It seems that little Sara has been sneaking out to help people and Ms. Martinette wasn’t too pleased. Rules are rules. No exceptions. She locked her in a wardrobe for three days. Three days has obvious symbolic importance, but so does the wardrobe. In The Lion, The Witch, And The Wardrobe children travel through the back of a magical wardrobe and into a world of fantasy and adventure. After she realizes that not all laws are fair, Sara breaks out through the back of this wardrobe and into a very different world of fantasy and adventure. She makes her way to London, where she is immediately befriended by Vitaman, a.k.a. Dennis, who quickly he seduces Sally. Interestingly, he uses Mindgrabber Kid’s line about fighting crime together. I guess it had to work for someone. Meanwhile the two women are still fighting. Alix tells Sally that she just wants to talk, to find out why Sally did this to her. Sally tells Alix that she was living a fantasy, believing that her world was secure, and that she ruined it because it was something she wanted. She wanted to live in a fantasy? Alix realizes something about Sally, “You’re completely insane.”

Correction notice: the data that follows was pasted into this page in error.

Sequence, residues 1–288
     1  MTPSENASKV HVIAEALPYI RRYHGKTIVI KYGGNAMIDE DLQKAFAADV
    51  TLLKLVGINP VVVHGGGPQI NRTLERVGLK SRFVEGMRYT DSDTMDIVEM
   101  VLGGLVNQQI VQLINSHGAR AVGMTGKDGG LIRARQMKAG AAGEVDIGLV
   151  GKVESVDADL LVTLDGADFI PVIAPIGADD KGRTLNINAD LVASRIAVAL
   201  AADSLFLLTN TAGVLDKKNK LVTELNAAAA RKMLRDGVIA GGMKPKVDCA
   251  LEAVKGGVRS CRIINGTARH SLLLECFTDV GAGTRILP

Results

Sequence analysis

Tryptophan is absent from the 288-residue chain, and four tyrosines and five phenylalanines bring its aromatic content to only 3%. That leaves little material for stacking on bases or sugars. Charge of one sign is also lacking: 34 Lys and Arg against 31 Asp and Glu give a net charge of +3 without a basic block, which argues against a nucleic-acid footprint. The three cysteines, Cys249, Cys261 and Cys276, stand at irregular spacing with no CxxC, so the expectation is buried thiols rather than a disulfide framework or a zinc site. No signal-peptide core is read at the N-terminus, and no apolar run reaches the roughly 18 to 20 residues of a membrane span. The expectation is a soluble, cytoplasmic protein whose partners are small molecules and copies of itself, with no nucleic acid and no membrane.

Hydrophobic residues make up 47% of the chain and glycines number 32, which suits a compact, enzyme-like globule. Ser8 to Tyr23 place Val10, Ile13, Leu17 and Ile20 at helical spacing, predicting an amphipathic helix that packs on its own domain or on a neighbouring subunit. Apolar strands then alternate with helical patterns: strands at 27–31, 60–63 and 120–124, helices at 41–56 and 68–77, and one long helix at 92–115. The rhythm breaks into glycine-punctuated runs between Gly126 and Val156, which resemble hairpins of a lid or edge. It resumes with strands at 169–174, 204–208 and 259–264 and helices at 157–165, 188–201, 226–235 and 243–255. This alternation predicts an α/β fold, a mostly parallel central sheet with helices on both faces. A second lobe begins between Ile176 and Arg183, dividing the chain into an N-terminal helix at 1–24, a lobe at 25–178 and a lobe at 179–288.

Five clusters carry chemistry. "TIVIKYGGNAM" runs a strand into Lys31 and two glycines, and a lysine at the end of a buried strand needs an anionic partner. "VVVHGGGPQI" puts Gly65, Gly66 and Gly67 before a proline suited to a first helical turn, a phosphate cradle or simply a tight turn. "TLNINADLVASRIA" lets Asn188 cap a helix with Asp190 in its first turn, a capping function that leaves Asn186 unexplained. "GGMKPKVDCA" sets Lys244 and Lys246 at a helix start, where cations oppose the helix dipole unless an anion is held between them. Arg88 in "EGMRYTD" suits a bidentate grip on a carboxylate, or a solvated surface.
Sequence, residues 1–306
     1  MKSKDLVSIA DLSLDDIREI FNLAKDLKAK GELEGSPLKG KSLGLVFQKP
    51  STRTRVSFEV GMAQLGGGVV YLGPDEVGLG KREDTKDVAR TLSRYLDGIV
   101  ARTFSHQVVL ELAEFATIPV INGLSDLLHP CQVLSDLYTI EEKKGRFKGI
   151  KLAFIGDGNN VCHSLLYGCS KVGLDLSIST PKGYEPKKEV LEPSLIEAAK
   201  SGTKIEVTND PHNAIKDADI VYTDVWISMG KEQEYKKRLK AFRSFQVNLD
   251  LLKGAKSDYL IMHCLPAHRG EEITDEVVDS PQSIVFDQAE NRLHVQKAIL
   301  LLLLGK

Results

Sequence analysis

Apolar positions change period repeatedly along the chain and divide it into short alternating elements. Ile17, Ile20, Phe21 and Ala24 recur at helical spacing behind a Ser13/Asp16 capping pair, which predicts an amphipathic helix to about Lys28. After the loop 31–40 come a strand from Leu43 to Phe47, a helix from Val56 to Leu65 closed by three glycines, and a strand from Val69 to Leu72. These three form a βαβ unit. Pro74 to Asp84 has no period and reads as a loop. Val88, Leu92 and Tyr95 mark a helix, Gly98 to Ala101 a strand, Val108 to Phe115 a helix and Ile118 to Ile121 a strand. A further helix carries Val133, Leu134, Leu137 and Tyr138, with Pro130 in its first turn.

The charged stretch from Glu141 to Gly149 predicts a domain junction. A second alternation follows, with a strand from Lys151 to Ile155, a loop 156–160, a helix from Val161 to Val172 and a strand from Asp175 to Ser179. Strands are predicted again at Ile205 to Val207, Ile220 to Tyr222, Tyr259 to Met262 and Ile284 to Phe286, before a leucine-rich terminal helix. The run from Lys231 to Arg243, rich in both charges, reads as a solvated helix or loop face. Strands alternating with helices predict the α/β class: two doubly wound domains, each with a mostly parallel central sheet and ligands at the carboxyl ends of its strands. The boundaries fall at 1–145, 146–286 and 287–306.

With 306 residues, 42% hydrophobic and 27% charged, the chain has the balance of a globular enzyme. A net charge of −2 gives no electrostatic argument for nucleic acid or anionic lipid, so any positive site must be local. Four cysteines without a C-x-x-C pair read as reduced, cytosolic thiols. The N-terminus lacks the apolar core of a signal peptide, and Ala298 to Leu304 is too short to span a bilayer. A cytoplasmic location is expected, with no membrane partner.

Back to Dennis and Sara. He convinces her to take a few private picture, for the “family album”, which apparently means something different in the UK. I hope. And then he takes these pictures to the Kingpins of England’s underworld. There are seven, of course, but I don’t think they’re meant to be a team. I get the impression that he’s auctioning her off. Of the kingpins, one is dressed like a highwayman, a woman is dressed like a Pearly Queen, and there are a couple of twins (perhaps a reference to the Krays). I don’t know who the rest are meant to represent. Dennis’ argument is that she looks like a schoolgirl, but is really twenty six (having spent two years in the orphanage). Of course, she doesn’t look anything like a school girl. The UK has a history of some pretty strict porn laws, so even if she did look her age I can see how the underworld may well have been involved, but her appearance still undercuts his whole argument. She does not look like a school girl. I appreciate that, if Paquette had drawn her to look like a child in these scenes, and those depicting her seduction, it would not only been too pervy, DC would never have printed them. But this important point in the story in lost, nevertheless.